Knowing how to identify wild berries is a good survival skill to have. With the number of poisonous berries out there, it can be intimidating to determine whether a berry is edible or not. Follow these tips to successfully identify wild berries.
The best places to find wild berries include meadows, overgrown fields, marshes and along rivers and ponds. Most berries grow during summer, but there are a few that grow in spring, fall and winter. Look for edible wild berries in low-lying berry bushes, but they can also be found in fruit trees, fields and marshes. Edible wild berries look almost exactly like the berries you get in the supermarket. If you put a wild berry in your mouth and it doesn't taste right though, spit it out immediately. It might be poisonous.
Strawberries are a popular fruit, but eating wild strawberries can be risky. When you find the three-leaved plant, remember that only white flowers produce edible strawberries. Other, similar-looking berries can be poisonous. If you do put one in your mouth and it doesn't taste like a strawberry, it probably isn't.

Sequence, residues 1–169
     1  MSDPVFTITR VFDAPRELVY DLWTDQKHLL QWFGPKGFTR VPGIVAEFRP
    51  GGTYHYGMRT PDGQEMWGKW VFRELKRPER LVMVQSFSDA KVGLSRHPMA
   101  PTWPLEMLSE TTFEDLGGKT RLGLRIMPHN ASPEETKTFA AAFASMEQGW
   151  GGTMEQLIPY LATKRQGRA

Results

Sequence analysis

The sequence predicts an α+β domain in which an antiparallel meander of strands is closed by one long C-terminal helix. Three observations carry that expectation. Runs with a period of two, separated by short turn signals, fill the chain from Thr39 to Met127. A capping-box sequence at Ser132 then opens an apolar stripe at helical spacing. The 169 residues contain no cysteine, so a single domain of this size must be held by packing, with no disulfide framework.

Raspberries come in a variety of colors including red, black, orange and yellow. Blackberries are similar to raspberries in that their leaves come in threes and their plants are thorny. Sometimes it is difficult to tell a black raspberry from a blackberry. An easy way is by opening the berry up. A raspberry will be hollow inside.
Cranberries grow along the ground on a vine. Their leaves are small and in an alternating pattern. You can often find cranberries in bogs in the Northeast. Wild cranberries look just like the cranberries found in the grocery store.
Wild cherries grow on cherry trees and bushes. Cherries can be either red or almost black. They are most commonly found in the East and Midwest.
Blueberries can be found in sunny meadows. Their fruit are round and dark blue to black.
If you plan on spending a lot of time in the wilderness or will be camping for an extended amount of time, it may be best to pick up a field guide to wild berries. Become familiar with wild berries as you hike. Then, if it becomes necessary, you will be able to safely identify which wild berries are edible.
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